The Ethics of War
The second issue that drew me in is touched on more briefly towards the end of the documentary: the ethics of war (photo)journalism. After making Restrepo, Hetherington decided to step away from photographing conflict for a brief period. He made a video essay Diary (2010), some of which is shown in the documentary. It is made up of a montage of footage from places he calls home, such as New York and London, and “work”, that is several of the war zones he has shot. In the documentary, Diary is described to be a reflection on how he found it difficult to escape the images and memory of war in his words the “different realities I flip between”. This is the trauma of war interrupting apparently peaceful spaces that act as shadows and as a possible imminent threat.
In the documentary, Hetherington describes how as photo-journalists he is part of a war machine. This bald statement recalls the opening sequence of the documentary where we see four takes of Hetherington choosing his words carefully in trying to express his reasons for working as a war photographer before finally landing on, “to connect with real people” and to show that “there aren’t any neat solutions” in war. The multiple takes reveal the constructed nature of documentary, but also in his faltering need to rehearse a correct and careful assertion, it reveals an ambivalence about the representation of war as simultaneously capable of being critical of and reproducing the machinery of war. This is a poignant note to end on, but reminds me why I am fascinated by the representation of war in different media.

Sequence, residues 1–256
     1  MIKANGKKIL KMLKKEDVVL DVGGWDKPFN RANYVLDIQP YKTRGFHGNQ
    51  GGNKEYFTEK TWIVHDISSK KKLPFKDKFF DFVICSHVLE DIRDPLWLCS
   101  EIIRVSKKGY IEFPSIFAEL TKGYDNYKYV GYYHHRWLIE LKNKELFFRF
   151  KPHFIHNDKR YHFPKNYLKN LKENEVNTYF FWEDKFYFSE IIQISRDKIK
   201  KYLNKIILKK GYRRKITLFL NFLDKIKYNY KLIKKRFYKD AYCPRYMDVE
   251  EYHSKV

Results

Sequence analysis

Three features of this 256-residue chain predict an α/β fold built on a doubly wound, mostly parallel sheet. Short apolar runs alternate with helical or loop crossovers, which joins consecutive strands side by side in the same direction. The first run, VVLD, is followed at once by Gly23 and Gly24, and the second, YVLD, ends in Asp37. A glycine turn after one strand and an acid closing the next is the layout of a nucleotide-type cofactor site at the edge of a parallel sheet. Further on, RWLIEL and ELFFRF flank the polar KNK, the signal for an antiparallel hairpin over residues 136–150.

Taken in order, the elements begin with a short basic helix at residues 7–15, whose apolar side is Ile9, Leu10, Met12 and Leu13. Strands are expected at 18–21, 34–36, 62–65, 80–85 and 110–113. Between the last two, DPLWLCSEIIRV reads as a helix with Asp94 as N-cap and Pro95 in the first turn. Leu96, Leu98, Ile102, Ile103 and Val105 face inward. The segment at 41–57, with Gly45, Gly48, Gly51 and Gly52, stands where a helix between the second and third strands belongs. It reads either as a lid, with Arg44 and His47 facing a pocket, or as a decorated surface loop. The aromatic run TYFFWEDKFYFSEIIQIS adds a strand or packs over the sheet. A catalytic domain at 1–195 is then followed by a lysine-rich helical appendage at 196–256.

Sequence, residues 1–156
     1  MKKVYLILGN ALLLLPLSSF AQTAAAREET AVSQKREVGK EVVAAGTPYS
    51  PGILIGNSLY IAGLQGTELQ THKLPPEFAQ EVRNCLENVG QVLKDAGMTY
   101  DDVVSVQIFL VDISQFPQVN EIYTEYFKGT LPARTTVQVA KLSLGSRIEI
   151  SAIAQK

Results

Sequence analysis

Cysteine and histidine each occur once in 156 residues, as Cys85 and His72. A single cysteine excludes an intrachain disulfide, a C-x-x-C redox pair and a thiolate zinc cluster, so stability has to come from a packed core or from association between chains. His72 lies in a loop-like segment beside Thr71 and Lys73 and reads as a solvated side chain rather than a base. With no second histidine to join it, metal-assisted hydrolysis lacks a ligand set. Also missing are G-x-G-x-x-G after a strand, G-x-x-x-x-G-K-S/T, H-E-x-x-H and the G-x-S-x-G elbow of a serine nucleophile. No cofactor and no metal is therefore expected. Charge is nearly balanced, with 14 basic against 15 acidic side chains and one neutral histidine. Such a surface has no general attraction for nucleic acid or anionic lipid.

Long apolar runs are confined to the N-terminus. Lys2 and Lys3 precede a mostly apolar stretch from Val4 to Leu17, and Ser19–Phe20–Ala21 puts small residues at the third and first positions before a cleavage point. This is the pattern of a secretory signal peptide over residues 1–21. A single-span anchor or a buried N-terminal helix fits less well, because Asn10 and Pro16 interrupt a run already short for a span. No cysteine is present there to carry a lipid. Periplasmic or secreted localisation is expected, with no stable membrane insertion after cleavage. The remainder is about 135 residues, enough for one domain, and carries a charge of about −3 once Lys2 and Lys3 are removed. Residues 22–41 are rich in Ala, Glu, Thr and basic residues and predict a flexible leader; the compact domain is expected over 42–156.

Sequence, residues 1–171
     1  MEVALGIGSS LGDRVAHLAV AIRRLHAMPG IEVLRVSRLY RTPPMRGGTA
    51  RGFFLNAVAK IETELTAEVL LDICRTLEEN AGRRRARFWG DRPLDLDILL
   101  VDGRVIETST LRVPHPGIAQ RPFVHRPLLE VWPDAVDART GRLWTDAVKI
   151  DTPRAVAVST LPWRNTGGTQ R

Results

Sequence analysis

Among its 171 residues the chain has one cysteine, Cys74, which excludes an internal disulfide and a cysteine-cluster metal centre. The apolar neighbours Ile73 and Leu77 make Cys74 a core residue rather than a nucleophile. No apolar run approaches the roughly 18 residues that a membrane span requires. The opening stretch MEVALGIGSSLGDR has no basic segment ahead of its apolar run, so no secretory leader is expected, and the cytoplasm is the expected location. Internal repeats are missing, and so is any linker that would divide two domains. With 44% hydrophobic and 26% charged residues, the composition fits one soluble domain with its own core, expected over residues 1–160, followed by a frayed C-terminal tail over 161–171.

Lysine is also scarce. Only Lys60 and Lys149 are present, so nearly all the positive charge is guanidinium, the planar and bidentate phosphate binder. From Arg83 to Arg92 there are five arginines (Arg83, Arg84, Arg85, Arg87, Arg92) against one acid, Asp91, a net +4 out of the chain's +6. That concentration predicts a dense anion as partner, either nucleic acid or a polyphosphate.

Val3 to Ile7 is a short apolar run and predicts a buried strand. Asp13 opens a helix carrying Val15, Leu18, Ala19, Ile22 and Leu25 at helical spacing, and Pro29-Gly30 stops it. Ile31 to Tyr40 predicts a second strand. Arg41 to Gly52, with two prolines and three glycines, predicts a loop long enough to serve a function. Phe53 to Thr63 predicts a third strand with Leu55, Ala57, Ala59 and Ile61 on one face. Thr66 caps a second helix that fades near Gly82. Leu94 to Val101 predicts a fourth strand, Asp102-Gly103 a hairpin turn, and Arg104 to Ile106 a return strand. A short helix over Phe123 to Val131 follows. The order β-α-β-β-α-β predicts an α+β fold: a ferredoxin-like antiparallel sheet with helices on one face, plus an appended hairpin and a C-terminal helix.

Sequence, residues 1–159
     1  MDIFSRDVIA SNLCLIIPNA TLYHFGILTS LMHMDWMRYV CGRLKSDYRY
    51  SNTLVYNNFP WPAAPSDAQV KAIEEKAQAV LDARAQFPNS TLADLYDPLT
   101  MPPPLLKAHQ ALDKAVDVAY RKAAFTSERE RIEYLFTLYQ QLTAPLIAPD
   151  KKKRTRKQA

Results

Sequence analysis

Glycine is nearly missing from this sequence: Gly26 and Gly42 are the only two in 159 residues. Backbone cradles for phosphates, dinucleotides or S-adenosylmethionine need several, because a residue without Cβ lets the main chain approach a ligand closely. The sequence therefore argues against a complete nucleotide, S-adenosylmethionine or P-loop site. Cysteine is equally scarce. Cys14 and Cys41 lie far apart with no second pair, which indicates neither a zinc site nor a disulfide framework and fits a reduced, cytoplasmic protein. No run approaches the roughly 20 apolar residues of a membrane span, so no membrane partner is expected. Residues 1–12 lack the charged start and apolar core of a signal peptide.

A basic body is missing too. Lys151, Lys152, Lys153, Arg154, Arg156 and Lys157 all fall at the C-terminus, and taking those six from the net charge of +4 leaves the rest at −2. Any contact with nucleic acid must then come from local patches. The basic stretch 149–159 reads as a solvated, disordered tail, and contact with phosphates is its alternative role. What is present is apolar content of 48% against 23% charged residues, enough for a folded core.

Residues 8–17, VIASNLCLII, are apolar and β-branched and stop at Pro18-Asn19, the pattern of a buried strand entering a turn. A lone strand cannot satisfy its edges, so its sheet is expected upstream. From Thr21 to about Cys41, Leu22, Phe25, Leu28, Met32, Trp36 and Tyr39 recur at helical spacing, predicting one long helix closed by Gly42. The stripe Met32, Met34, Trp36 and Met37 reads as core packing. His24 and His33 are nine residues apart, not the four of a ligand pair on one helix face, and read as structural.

I do not believe in rigid binaries in gender, but gendered scripts are reinforced in war narratives (in fact and fiction) and this documentary is another instance of this in the ways it articulates gender roles. However, in the foregrounding of the affect and trauma of war, not least in the numbers of times men are moved to tears or patently upset by their experiences of trauma or loss in the documentary, as well as the need for Hetherington to find coping strategies and creative outlets for his trauma, it is evident that men are not inured to the emotional impact of war. The strength of the documentary lies in the potential to reflect upon a construction of masculinity that does not rely on an experience of violence that precludes emotions. Also, Which Way is the Front Line From Here opens up spaces to consider the role played by (photo)journalism in war, and reveals some of the affect and trauma it has on individuals who witness conflict. It has provided me with another means of reflecting on an issue I am constantly coming up against in the study of the representations of war: the ways in which I could be complicit in reproducing, celebrating, or trivialising the war machine. I welcome the perspective of the war (photo)journalists and share some of their ambivalences and misgivings.